In a Thousand Years
2 Pages
English

In a Thousand Years

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Les contes d'Andersen font partie de l'imaginaire collectif. Les œuvres de Hans Christian Handersen traversent les âges et les générations sans prendre une ride, ses récits sont classés comme des œuvres indémodables, intergénérationnelles et presque intemporelles. Youscribe vous propose de plonger dans un univers fascinant mêlant le rêve, l'émotion et le suspense avec près de 140 histoires de légende telle que la princesse au petit pois, la petite sirène, le vilain petit canard et bien plus encore ! Il ne tient qu'à vous d'entrer dans ce monde merveilleux et palpitant...
Hans Christian Handersen fairy tales are considered to be a necessary and inevitable passage in literature’s general culture/knowledge. Andersen’s work has always been an inspiration for children and grown up’s, his imagination and the relevance of his stories made him an author whose legacy will remain through ages and generation. With almost 140 legendary tales such as The Princess and The Pea, The Little Mermaid and The ugly Duckling, Youscribe invites you to /consult, download and read through the great mind of the legendary Danish author. So feel free to come and discover this fabulous and thrilling world

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Published by
Published 01 January 1872
Reads 48
Language English

In a Thousand Years
Hans Christian Andersen
Yes, in a thousand years people will fy on the wings of steam through the
air, over the ocean! the young inhabitants of america will become visitors
of old europe. they will come over to see the monuments and the great
cities, which will then be in ruins, just as we in our time make pilgrimages
to the tottering splendors of southern asia. in a thousand years they will
come!
the thames, the danube, and the rhine still roll their course, mont blanc
stands frm with its snow-capped summit, and the northern lights gleam
over the land of the north; but generation after generation has become
dust, whole rows of the mighty of the moment are forgotten, like those
who already slumber under the hill on which the rich trader, whose ground
it is, has built a bench, on which he can sit and look out across his waving
corn felds.
“to europe!” cry the young sons of america; “to the land of our ancestors,
the glorious land of monuments and fancy—to europe!”
the ship of the air comes. it is crowded with passengers, for the transit is
quicker than by sea. the electro-magnetic wire under the ocean has
already telegraphed the number of the aerial caravan. europe is in sight. it
is the coast of ireland that they see, but the passengers are still asleep;
they will not be called till they are exactly over england. there they will
frst step on european shore, in the land of shakespeare, as the educated
call it; in the land of politics, the land of machines, as it is called by others.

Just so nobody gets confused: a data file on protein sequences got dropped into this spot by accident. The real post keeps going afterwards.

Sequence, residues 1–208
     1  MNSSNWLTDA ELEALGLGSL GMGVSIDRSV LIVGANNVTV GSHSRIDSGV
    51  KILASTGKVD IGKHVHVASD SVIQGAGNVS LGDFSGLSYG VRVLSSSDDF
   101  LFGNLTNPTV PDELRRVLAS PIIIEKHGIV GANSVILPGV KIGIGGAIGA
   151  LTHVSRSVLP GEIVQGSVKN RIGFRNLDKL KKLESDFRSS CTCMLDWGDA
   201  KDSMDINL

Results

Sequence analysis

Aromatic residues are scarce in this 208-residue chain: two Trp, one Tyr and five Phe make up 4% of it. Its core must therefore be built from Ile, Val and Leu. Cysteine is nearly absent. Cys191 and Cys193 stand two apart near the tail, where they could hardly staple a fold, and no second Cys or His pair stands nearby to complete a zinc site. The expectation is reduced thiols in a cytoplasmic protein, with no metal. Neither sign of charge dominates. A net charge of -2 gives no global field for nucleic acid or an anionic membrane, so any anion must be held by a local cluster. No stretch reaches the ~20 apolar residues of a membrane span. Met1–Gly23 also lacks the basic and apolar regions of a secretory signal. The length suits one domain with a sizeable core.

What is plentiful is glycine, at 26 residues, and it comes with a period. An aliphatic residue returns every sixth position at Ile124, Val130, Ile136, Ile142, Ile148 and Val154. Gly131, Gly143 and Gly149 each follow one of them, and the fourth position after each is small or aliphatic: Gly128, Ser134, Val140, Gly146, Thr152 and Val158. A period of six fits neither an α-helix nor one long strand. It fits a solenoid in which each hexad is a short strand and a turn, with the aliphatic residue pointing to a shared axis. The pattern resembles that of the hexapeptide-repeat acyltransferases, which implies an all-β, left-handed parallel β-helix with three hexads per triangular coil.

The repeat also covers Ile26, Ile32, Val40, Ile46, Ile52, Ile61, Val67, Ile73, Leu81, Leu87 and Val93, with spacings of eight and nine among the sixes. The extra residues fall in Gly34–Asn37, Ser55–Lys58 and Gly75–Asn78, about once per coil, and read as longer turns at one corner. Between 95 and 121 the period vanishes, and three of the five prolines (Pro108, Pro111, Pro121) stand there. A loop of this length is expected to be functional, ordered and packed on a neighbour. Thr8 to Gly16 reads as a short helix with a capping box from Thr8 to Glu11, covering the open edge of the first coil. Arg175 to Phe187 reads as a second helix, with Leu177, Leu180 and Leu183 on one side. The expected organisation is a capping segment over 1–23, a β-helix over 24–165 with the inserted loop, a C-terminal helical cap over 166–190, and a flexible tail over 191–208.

here they stay a whole day. that is all the time the busy race can devote to
the whole of england and scotland. then the journey is continued through
the tunnel under the english channel, to france, the land of charlemagne
and napoleon. moliere is named, the learned men talk of the classic school
of remote antiquity. there is rejoicing and shouting for the names of
heroes, poets, and men of science, whom our time does not know, but who
will be born after our time in paris, the centre of europe, and elsewhere.
the air steamboat fies over the country whence columbus went forth,
where cortez was born, and where calderon sang dramas in sounding
verse. beautiful black-eyed women live still in the blooming valleys, and
the oldest songs speak of the cid and the alhambra.
then through the air, over the sea, to italy, where once lay old, everlasting
rome. it has vanished! the campagna lies desert. a single ruined wall is
shown as the remains of st. peter’s, but there is a doubt if this ruin be
genuine. next to greece, to sleep a night in the grand hotel at the top of mount
olympus, to say that they have been there; and the journey is continued to
the bosphorus, to rest there a few hours, and see the place where
byzantium lay; and where the legend tells that the harem stood in the
time of the turks, poor fshermen are now spreading their nets.
over the remains of mighty cities on the broad danube, cities which we in
our time know not, the travellers pass; but here and there, on the rich
sites of those that time shall bring forth, the caravan sometimes descends,
and departs thence again.
down below lies germany, that was once covered with a close net of
railway and canals, the region where luther spoke, where goethe sang, and
mozart once held the sceptre of harmony. great names shine there, in
science and in art, names that are unknown to us. one day devoted to
seeing germany, and one for the north, the country of oersted and
linnaeus, and for norway, the land of the old heroes and the young
normans. iceland is visited on the journey home. the geysers burn no
more, hecla is an extinct volcano, but the rocky island is still fxed in the
midst of the foaming sea, a continual monument of legend and poetry.
“there is really a great deal to be seen in europe,” says the young
american, “and we have seen it in a week, according to the directions of
the great traveller” (and here he mentions the name of one of his
contemporaries) “in his celebrated work, ‘how to see all europe in a
week.’”
(1852) - English Translation: H. P. Paull (1872) - Original Illustrations by Vilhelm Pedersen and Lorenz Frølich